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OpenPOWER secure and trusted boot, Part 2: Protecting system firmware with OpenPOWER secure boot
Protection of system firmware against malicious attack is paramount to server security. If an attacker is able to inject malicious code at the firmware level, no security measure at the operating system level can fully guarantee the trust of the system. IBM OpenPOWER servers support secure boot of system firmware to ensure the system boots only authorized firmware. When the system boots, each firmware component is verified against a cryptographic signature and integrity-checked against a secure hash of the component. If any check fails, secure boot prevents the system from booting until the problem is corrected.
Articles 05 Jun 2017
Linux server hardening and security verification
In a world where securing your computer systems is more difficult than ever, there are steps you can take to protect them. This article includes tips and tools to help you harden and secure your Linux servers by using processes such as sane configurations, fuzz testing and penetration testing.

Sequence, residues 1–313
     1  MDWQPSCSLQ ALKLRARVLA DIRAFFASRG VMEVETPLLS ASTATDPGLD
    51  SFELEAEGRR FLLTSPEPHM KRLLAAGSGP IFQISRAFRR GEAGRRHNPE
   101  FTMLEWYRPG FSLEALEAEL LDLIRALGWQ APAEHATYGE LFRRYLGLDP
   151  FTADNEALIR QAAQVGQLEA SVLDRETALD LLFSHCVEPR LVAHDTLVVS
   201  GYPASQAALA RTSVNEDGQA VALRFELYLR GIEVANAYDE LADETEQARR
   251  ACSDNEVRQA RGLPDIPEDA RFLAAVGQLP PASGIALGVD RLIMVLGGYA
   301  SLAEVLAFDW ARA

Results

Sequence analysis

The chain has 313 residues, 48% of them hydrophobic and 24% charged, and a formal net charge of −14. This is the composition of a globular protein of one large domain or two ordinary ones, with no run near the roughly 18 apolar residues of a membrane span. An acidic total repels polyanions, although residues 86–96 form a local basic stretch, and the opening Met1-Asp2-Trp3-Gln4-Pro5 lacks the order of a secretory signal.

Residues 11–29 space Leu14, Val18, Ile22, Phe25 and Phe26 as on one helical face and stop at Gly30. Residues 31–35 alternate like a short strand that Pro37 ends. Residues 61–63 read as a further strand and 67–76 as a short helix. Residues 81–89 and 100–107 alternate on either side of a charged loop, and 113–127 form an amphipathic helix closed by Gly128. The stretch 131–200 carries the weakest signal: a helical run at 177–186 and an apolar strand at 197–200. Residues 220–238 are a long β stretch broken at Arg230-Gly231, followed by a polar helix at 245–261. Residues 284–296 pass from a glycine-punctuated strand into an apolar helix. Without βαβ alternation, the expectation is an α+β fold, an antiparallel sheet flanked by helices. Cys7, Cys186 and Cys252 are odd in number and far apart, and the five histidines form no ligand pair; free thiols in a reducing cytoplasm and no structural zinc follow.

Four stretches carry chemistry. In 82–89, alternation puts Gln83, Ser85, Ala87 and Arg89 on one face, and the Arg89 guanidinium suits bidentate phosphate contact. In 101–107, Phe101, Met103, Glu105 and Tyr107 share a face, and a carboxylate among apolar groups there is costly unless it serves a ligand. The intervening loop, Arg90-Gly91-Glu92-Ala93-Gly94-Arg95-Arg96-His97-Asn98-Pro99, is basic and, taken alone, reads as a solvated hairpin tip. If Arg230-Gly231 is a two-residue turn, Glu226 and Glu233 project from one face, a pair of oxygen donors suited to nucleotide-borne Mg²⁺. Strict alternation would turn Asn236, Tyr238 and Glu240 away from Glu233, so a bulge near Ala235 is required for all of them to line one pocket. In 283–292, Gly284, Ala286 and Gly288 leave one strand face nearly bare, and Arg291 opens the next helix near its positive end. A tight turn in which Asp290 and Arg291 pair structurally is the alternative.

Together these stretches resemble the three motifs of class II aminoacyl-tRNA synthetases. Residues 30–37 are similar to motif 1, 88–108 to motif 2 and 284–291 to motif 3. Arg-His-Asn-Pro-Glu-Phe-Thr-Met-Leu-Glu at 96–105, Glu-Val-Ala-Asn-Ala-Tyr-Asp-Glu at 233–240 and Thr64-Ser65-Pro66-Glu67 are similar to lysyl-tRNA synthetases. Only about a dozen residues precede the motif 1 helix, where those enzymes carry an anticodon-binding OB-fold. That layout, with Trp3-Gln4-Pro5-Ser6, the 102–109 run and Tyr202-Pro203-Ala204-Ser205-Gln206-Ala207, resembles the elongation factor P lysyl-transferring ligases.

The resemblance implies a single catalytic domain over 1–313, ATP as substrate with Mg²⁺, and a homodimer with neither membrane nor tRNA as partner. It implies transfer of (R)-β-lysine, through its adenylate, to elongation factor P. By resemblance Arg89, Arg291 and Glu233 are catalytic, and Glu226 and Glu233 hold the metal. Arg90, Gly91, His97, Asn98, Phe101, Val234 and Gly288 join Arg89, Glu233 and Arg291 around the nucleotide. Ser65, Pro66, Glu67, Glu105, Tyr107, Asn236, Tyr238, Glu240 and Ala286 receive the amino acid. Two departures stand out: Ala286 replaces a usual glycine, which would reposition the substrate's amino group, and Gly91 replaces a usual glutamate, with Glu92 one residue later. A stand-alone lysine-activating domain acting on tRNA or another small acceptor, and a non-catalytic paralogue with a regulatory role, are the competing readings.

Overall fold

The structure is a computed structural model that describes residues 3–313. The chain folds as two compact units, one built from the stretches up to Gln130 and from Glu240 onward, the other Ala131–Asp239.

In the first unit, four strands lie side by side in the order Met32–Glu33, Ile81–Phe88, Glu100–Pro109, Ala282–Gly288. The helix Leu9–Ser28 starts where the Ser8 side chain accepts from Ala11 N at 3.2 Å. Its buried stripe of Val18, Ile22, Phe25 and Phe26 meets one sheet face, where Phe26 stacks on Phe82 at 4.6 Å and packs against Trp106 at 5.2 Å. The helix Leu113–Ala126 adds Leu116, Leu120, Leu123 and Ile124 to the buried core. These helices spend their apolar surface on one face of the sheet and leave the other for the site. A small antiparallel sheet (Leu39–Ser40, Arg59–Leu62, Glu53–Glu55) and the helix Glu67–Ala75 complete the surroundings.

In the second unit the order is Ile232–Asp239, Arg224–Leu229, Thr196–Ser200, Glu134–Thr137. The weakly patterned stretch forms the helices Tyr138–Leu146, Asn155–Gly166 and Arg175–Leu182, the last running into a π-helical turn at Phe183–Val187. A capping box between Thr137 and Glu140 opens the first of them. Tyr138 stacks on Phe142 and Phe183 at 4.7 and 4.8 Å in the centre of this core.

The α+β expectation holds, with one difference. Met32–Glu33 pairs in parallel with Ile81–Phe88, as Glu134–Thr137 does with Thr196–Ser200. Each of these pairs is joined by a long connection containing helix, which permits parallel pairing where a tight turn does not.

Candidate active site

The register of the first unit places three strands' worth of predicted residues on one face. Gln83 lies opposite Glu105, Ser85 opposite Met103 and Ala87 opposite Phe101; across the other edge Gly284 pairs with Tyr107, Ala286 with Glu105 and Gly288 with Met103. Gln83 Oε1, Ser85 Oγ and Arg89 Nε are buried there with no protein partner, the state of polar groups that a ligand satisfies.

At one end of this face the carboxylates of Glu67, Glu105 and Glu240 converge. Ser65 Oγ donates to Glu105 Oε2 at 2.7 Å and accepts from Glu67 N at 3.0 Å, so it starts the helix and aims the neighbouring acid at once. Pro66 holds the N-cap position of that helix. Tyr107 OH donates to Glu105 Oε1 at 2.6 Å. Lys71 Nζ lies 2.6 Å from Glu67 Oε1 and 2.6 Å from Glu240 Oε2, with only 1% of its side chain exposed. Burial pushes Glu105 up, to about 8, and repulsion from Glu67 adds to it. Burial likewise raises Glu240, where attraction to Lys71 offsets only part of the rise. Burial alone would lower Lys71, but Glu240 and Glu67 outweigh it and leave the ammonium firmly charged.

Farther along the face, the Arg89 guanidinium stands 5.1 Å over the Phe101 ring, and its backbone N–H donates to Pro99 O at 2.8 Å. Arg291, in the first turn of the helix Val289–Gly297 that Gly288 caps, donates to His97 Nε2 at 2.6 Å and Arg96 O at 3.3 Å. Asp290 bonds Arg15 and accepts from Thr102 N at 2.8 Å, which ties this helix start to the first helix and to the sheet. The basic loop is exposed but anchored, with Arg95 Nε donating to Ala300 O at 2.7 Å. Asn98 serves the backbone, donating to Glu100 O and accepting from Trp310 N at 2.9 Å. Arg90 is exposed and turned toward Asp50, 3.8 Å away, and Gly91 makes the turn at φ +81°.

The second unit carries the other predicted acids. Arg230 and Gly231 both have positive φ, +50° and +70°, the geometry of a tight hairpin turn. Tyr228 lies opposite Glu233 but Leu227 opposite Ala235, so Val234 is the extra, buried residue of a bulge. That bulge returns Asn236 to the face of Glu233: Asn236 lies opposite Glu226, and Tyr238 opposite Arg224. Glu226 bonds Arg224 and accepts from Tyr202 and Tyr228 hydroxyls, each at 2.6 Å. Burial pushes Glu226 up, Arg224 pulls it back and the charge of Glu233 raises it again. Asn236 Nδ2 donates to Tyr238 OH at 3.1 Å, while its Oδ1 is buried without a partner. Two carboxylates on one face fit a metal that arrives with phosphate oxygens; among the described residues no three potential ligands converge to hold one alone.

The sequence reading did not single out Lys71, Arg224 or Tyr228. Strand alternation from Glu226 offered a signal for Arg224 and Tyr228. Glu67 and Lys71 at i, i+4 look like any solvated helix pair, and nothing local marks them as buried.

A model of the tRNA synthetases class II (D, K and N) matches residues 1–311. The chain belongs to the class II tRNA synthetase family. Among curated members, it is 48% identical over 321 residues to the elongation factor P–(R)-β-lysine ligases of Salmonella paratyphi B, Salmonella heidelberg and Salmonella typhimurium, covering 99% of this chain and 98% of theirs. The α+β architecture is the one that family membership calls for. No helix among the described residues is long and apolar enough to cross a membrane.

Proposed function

Also available in: Chinese  
Articles 17 Aug 2016
Hardening the Linux desktop
Although GNU/Linux® has the reputation of being a much more secure operating system than Windows,® you still need to secure the Linux desktop. This article steps you through installing antivirus software, creating a backup and restore plan, and using a firewall so you can harden your Linux desktop against most attacks and prevent unauthorized access to your computer.
Also available in: Chinese   Portuguese  
Tutorial 05 Feb 2014
Hardening the Linux server
Servers — whether used for testing or production — are primary targets for attackers. By taking the proper steps, you can turn a vulnerable box into a hardened server and help thwart outside attackers. Learn how to tighten Secure Shell (SSH) sessions, configure firewall rules, and set up intrusion detection to alert you to possible attacks on your GNU/Linux® server.